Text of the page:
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Students Who Will Change the Central Valley

By Ben Ginsburg on March 30, 2015 in Student Life

Transitioning from the small town of Porterville to university life was a bit of a shock for Casey Erickson. The UC Davis student encountered a more rigorous educational environment than he was used to, where work and play need to be carefully balanced.

But right away, this plant science major saw the benefit of coming to such a diverse and connected university. And this past year, he discovered the Central Valley Scholars Program.

The program supports students like Erickson who seek careers in the Central Valley, especially those related to agriculture and veterinary medicine. He’s discovered internships and professional networking opportunities with an engaged agricultural community.

UC Davis expanded his network

“UC Davis was a completely new experience,” Erickson said. “I came to a new place where I didn’t know anybody, and no one knew me, and now I have such an expanded network and valuable friendships that wouldn’t have happened anywhere else.”

For the 2014-15 year there are four new Central Valley Scholars, including Erickson, Maria Zumkeller, Anna Haller and Lauren Brackett, who tell their stories of how they will be changing the future of the Central Valley.

Centered on bolstering the Central Valley’s workforce by helping youth from the area achieve the dream of going to college at UC Davis, the Central Valley Scholars Program began last year thanks to philanthropic support.

No. 1 agricultural school in the world

UC Davis, the No. 1 agricultural school in the world, is committed to helping this important agricultural region and the farmers and families who live there through programs like the one for Central Valley Scholars.

California’s Central Valley is one of the world’s most important and productive agricultural regions, with more than 230 different crops that translate into billions of dollars worth of food each year.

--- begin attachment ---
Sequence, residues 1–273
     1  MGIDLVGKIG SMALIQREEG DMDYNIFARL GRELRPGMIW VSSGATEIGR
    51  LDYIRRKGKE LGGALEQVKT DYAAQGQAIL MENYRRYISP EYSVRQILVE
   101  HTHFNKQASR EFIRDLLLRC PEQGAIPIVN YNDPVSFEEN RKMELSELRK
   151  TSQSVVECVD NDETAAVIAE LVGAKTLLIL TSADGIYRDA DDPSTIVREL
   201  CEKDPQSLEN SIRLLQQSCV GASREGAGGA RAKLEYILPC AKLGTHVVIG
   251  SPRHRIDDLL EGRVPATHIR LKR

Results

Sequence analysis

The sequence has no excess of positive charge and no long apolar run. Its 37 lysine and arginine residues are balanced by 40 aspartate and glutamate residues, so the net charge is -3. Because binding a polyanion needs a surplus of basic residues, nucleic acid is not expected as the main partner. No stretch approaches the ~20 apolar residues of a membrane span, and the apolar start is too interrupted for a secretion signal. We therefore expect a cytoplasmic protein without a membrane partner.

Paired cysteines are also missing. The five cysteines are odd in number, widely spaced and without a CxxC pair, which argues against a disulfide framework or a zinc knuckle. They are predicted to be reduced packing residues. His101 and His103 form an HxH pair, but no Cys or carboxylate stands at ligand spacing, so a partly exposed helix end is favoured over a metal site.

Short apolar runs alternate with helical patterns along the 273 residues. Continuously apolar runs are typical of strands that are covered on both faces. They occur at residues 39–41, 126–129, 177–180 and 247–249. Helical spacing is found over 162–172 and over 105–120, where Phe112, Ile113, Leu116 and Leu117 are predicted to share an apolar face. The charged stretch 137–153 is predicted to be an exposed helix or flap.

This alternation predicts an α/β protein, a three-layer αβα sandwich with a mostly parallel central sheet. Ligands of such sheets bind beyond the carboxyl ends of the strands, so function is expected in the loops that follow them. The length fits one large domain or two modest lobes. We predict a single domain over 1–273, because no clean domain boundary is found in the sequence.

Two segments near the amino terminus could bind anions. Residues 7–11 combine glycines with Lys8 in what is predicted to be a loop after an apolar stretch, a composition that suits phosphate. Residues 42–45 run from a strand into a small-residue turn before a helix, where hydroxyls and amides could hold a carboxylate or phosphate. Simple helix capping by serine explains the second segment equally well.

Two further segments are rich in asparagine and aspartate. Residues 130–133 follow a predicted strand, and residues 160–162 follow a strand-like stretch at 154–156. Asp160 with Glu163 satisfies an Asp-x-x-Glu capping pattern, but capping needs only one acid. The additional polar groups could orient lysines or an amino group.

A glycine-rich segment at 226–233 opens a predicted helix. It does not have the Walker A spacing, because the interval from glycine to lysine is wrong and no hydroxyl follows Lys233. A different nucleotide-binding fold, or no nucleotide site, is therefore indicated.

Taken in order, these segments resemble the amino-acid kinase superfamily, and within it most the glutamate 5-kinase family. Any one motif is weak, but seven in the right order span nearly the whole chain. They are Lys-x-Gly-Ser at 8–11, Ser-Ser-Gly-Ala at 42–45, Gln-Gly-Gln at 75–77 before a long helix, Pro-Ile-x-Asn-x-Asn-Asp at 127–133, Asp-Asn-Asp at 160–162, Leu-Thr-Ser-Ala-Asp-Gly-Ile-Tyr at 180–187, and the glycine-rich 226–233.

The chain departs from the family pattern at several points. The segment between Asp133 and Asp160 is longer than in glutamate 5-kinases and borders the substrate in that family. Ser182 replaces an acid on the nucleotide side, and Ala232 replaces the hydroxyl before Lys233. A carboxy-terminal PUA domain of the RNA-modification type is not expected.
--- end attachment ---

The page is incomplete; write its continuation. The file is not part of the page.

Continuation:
It is also a region with many challenges: It contains three of the poorest cities in the country, pollution is on the rise and modern farming techniques are having negative impacts on the local ecology.

Changing Central Valley dynamics

‘Now I have such an expanded network and valuable friendships that wouldn’t have happened anywhere else.’

— Casey Erickson

Erickson had the chance to talk about his part in changing those dynamics during a fall luncheon with UC Davis alumnus and program founder Chuck Nichols, who has championed UC Davis’ efforts to reinforce agricultural and veterinary developments in the Central Valley.

It was an opportunity Erickson says he wishes he had discovered earlier at UC Davis because he loves connecting with people with determination and big ideas who are investing in students like him. And the program’s goal fits his own aspirations — improving the prosperity of the region, state and  country.

Networking with area leaders and teachers

Agriculture and community have always played a major role in Fresno resident Maria Zumkeller’s life from the time she was a child. Zumkeller, a plant science major planning to graduate from UC Davis in 2018, developed close relationships with her teachers and volunteer leaders in nearby Sanger, where she went to school.

Pursuing an education at UC Davis has given her more tools to meet her goals.

“Everyone here is thinking about the consequences of their actions, how they’re going to affect someone else,” she says. “UC Davis encompasses everything I believe in, everything I want to be.”

All things connect to agriculture

‘Everyone here is thinking about the consequences of their actions, how they’re going to affect someone else. UC Davis encompasses everything I believe in, everything I want to be.’